“We feel like that’s a conservative estimate,” Hooker said. “It’s an exceptional amount that we just don’t have.”
The board of supervisors recently petitioned state lawmakers to increase funding for VATI grants, but that’s not the extent of the county’s search for help.
“We are looking at all of our options,” Hooker said. “We have been talking to our state and federal representatives also, asking for their help.”
Hooker routinely hears from frustrated citizens without internet, and said she has made state and federal representatives well aware of the issue, but resources are limited. For that reason, Roanoke County is open to help from other sectors.
“Anywhere we can get it is appreciated,” Hooker said. “We’d love to partner with companies, whatever it takes to help expand this and resolve this issue. We’re willing to look at all proposals.”
Advancing with technology
Internet has come a long way since the dialup days, and change will continue with advancements to accessibility.
“The good news is technology doesn’t stop,” Hunter said. “Once upon a time, we got our internet on dialup modems over two wires out of your four-wire phone connection.”
High-speed fiber-optic cables have since become standard for internet, and even the coaxial cables that used to carry only telephone communications can now transport television and internet, Hunter said.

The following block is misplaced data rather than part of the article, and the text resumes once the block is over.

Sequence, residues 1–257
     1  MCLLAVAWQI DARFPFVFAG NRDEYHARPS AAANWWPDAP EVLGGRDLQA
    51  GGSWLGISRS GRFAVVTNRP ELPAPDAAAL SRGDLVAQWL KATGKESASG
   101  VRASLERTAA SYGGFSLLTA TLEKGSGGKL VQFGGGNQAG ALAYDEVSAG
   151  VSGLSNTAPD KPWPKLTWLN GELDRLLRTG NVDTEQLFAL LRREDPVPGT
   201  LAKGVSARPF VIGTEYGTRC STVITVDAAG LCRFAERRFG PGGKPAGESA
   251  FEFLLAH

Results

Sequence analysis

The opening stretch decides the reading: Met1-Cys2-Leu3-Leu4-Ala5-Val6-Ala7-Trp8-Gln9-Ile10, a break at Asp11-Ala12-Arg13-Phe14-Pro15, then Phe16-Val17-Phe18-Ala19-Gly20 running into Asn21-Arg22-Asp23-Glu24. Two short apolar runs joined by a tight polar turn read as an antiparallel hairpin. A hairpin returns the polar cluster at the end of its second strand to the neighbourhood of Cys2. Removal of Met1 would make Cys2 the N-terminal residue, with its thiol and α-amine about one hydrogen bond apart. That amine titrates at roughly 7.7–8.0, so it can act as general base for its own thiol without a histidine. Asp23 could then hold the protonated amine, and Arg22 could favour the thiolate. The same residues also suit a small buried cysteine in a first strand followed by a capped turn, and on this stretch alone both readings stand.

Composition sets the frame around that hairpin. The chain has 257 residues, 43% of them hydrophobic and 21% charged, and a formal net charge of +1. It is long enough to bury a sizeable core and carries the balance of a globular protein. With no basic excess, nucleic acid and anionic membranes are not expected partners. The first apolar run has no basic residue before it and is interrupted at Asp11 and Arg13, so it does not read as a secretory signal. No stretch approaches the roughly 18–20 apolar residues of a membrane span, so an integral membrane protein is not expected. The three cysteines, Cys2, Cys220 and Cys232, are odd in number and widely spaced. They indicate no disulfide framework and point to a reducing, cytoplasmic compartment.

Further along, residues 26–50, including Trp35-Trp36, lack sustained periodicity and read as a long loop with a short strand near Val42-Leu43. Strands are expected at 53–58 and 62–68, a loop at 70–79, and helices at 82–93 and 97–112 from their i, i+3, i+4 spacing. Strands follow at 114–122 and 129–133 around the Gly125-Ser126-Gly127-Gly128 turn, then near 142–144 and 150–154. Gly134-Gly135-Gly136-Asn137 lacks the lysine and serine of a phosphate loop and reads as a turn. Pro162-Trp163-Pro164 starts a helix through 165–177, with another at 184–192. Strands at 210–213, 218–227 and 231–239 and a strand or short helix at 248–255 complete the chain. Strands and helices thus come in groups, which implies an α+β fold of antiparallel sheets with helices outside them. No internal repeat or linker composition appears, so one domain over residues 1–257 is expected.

“So what’s going to be the next technology to advance? We can only guess,” Hunter said. “Will someone figure out how to do something with the phone lines that are still in everybody’s house? Or, there’s been studies about bringing high-speed internet across power lines.”
Nearby, Craig-Botetourt Electric Cooperative is delivering fiber-optic internet to customers using its existing power infrastructure.
“They’re looking to expand some of that next year,” Hunter said of the neighboring cooperative. “That could possibly come into Roanoke County.”
As technology and methods to access the internet improve with time, existing infrastructure is gradually expanding into more remote areas of Roanoke County. Local government is poised to continue abetting and expediting that progress until coverage is complete.
“I found some places around the county where a couple years ago service was not available, but over the last few years these providers have built out,” Hunter said. “A lot of people are now learning they had service move into their area, and they were unaware it was there.”